My neighbor just got back from his annual deer hunt. He butchered the deer in his garage. He was just finishing the cleaning up and was telling us stories about the hunt when the conversation turned to food and eating.
We live in Minnesota and there was more than one group leaving the neighborhood that Friday before to go hunting. The newspaper is full of pictures and stories about deer hunting. Ten year old children are proudly displaying the animal that they killed. It is part of the culture. It does make you think about your source of food and how it gets on your table. It is not just wild rice mushroom soup that gets eaten for dinner with no shots fired.
It also brought back memories of when I used to hunt for pheasants. I ended up killing a raccoon that was in a tussle with my bird dog. Not wanting it to go to waste, I brought the dead raccoon home and cleaned it. I wasn’t going to be cooking for two that night. I got out the wild game cookbook and we fixed a small wild game feast with pheasant and sweet and sour raccoon and then invited the neighbors over. I will never forget the little eighty five year old woman with white hair at the end of the table that night as she politely asked us to pass the dish around. “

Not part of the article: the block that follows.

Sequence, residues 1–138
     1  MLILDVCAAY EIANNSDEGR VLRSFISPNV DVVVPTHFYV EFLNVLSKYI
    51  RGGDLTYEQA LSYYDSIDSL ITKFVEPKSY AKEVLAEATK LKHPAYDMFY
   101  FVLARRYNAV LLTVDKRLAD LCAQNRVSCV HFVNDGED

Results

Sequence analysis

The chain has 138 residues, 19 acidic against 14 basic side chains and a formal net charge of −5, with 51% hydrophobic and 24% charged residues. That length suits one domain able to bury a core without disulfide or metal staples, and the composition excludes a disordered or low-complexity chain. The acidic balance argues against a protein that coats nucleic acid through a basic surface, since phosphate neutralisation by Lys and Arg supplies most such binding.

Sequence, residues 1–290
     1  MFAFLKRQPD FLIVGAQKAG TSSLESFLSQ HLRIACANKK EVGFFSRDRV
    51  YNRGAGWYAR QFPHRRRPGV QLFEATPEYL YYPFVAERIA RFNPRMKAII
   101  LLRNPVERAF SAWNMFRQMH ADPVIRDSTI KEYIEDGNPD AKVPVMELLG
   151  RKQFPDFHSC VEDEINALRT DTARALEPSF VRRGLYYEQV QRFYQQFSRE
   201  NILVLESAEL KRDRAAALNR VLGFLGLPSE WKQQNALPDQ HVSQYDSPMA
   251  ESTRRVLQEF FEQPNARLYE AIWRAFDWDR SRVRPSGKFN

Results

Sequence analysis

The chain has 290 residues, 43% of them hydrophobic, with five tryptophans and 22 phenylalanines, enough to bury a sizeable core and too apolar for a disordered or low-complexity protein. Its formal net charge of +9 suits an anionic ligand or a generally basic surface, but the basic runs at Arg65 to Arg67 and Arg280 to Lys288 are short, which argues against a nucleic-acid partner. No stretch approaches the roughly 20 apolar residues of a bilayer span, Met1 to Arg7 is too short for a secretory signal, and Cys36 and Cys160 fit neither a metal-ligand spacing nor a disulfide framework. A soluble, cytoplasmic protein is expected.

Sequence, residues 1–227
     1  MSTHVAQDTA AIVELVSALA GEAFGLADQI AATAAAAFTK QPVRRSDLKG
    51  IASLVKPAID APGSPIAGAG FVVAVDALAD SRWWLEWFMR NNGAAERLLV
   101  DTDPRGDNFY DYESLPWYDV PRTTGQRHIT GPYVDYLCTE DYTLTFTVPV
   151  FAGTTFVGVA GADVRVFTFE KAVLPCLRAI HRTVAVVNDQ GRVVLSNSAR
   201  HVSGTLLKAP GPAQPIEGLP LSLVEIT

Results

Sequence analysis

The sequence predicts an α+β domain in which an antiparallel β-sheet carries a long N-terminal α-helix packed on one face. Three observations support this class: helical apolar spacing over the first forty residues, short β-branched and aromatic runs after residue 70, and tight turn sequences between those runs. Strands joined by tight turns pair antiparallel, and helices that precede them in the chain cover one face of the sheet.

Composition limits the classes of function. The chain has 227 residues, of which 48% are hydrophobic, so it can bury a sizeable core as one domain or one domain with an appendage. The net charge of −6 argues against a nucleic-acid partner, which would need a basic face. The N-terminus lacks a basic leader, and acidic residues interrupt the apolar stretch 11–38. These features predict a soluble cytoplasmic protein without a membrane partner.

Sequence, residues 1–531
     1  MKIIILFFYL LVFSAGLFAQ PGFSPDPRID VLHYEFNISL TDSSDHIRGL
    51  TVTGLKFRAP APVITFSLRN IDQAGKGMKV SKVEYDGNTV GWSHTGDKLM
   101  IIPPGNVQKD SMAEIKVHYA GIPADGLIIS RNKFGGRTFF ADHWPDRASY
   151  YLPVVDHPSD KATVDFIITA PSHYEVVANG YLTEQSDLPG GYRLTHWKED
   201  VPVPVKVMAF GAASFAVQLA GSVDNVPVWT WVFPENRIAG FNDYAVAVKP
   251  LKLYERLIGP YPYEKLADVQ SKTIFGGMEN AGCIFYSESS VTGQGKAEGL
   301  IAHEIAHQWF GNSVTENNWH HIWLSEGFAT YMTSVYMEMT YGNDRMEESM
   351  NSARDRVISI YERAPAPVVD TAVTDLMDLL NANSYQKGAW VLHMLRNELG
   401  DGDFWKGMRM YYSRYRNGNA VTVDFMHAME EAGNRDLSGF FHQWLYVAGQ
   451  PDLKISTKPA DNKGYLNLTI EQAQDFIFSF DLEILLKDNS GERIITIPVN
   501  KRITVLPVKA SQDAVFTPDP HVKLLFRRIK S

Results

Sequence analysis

I told this story to the hunter across the street. He said that he had never met anyone who had ever eaten a raccoon. I did not used to eat asparagus. Then I met someone who could cook. It was a different world that opened up.
I don’t hunt anymore. I eat a lot less meat and a lot more vegetables. I love soup. I really enjoy “fancy cooked” vegetables with different spices and recipes from around the world. It all depends on how you cook it.